Skip to content
Building a Live Audio Streaming React Native App with Agora Featured

Building a Live Streaming React Native Audio App with Agora

By Author: Ekaansh Arora In Developer

Live audio streaming is increasingly popular across a wide range of uses, from live podcasts and interviews to playing live music performances online. The possibilities are endless once you have a few users engaging with an audience in real time. This is especially true when the sound quality is exceptional and the system is supported by an intuitive design.

There’s a simple way to accomplish React Native audio streaming using the Agora React Native SDK. In this tutorial, we’ll walk through the development of a live audio broadcasting app that can have multiple broadcasters and host thousands of users by utilizing the Agora Audio SDK. We’ll go over the structure, setup, and execution of the React Native audio streaming app before diving into the code. The open-source code is available here.

We’ll be using Agora RTC SDK for React Native for the example. I’m using v3.2.2 at the time of writing.

Creating an Agora Account

Sign up at Agora Console and log in to the dashboard.

Building a Live Audio Streaming React Native App with Agora - Screenshot #1

Selecting the Project Management tab in the Agora Console

Navigate to the Project List tab under the Project Management tab and create a project by clicking the blue Create button.

Create a project and retrieve the App ID. (When prompted to use App ID + Certificate, select only App ID.) The App ID will be used to authorize your requests while you’re developing the application, without generating tokens.

Note: This guide does not implement token authentication, which is recommended for all RTE apps running in production environments. For more information about token-based authentication within the Agora platform, please refer to this guide.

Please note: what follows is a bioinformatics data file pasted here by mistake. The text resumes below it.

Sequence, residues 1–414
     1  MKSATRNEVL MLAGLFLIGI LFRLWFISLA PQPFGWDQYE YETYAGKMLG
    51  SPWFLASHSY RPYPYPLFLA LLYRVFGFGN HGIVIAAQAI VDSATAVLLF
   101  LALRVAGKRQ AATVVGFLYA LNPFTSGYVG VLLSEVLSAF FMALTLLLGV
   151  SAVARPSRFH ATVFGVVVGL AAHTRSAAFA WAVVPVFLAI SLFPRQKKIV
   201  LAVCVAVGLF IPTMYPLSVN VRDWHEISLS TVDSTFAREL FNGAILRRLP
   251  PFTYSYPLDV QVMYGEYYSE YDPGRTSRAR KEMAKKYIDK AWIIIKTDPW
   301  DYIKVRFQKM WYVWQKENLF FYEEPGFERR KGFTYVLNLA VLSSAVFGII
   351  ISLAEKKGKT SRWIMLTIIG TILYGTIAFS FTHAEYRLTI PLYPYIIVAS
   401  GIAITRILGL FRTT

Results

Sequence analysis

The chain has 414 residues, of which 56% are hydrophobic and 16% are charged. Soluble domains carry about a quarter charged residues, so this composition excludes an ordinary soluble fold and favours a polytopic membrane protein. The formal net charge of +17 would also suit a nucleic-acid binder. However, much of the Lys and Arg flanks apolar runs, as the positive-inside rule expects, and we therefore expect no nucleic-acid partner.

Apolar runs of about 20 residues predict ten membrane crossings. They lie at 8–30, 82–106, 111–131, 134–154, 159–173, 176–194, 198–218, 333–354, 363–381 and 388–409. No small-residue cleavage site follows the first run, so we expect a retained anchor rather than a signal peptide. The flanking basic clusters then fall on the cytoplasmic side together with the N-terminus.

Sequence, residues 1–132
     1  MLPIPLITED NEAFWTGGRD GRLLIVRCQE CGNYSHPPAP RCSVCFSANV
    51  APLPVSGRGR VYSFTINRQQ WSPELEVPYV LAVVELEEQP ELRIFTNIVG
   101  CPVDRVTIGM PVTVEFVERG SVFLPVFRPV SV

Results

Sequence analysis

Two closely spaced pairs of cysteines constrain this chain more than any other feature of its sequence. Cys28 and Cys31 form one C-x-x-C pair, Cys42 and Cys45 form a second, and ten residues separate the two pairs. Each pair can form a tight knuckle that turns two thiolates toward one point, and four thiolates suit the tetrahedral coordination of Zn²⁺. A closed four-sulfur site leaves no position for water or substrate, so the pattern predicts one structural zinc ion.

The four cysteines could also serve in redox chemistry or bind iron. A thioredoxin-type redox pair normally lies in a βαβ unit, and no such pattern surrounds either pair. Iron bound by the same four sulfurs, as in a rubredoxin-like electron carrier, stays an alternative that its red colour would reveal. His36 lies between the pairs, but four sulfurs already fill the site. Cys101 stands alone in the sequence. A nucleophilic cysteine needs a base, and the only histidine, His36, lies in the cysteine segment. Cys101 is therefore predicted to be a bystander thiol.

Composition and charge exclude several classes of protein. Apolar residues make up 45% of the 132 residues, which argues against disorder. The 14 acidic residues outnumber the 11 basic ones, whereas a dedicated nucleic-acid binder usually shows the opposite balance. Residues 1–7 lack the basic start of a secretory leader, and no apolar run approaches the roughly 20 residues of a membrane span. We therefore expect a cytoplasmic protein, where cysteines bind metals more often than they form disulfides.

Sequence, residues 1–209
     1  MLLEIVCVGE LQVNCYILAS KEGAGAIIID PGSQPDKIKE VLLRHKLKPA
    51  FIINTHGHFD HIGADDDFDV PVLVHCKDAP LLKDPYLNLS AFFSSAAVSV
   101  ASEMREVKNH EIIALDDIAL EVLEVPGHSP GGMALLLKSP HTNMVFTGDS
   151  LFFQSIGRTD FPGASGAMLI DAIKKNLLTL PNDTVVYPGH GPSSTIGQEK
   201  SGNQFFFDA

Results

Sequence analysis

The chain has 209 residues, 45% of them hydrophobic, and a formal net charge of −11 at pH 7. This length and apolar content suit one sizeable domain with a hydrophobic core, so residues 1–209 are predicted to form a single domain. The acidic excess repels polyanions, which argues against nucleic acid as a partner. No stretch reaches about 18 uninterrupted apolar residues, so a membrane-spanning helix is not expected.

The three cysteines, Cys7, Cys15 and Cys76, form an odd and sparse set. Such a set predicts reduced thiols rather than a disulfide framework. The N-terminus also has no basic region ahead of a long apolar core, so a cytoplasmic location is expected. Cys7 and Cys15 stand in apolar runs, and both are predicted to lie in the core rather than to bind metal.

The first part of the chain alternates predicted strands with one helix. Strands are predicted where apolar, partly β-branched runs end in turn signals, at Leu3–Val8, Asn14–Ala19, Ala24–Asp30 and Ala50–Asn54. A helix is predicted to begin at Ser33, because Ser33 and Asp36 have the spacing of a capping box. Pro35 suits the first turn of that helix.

Structure of Our Example

This is the structure of the React Native audio application:

├── android
├── components
│ └── Permission.ts
│ └── Style.ts
├── ios
├── App.tsx
├── index.js

Running the App

You’ll need to have the latest version of Node.js and NPM installed:

  • Make sure you’ve set up an Agora account, set up a project, and generated an App ID (as discussed above).
  • Download and extract the ZIP file from the master branch.
  • Run npm install to install the app dependencies in the unzipped directory.
  • Navigate to ./App.tsx and enter the App ID as `appId: YourAppIdHere` in the state declaration.
  • If you’re building for iOS, open a terminal and execute cd ios && pod install.
  • Connect your device, and run npx react-native run-android / npx react-native run-ios to start the app. Give it a few minutes to build the app and install it on your device.
  • Once you see the home screen on your mobile device (or iOS/Android emulator), click the start call button on the device.

That’s it. You should have an audio broadcast going between the two devices.

The app uses channel-x as the channel name.

Before we dive into the code, let’s get a few basics out of the way:

  • For our app example in React Native, stream audio and call capabilities will be handled by the Agora RTC (Real-time Communication) SDK.
  • We can have multiple users broadcasting to a channel. All users as an audience on that channel can listen to the broadcasters.
  • The audience can dynamically switch to a broadcaster role.
  • The Agora RTC SDK uses unique IDs (UIDs) for each user. To associate these UIDs with a username, we’ll use the Agora RTM (Real-Time Messaging) SDK to signal the username to others on the call. We’ll discuss how it’s done below.

Let’s take a look at how the React Native audio app code works:


App.tsx will be the entry point into the app. We’ll have all our source code in this file. When you open the app, there will be a username field with three buttons: to join the call, to end the call, and to toggle our user role between broadcaster and audience.